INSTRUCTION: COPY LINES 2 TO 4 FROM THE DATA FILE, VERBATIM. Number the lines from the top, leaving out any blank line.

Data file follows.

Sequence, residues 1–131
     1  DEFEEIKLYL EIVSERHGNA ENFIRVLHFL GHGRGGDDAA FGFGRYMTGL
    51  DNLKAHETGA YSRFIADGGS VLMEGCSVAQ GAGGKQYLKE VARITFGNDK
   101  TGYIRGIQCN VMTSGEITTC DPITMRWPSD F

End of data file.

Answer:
     1  DEFEEIKLYL EIVSERHGNA ENFIRVLHFL GHGRGGDDAA FGFGRYMTGL
    51  DNLKAHETGA YSRFIADGGS VLMEGCSVAQ GAGGKQYLKE VARITFGNDK
   101  TGYIRGIQCN VMTSGEITTC DPITMRWPSD F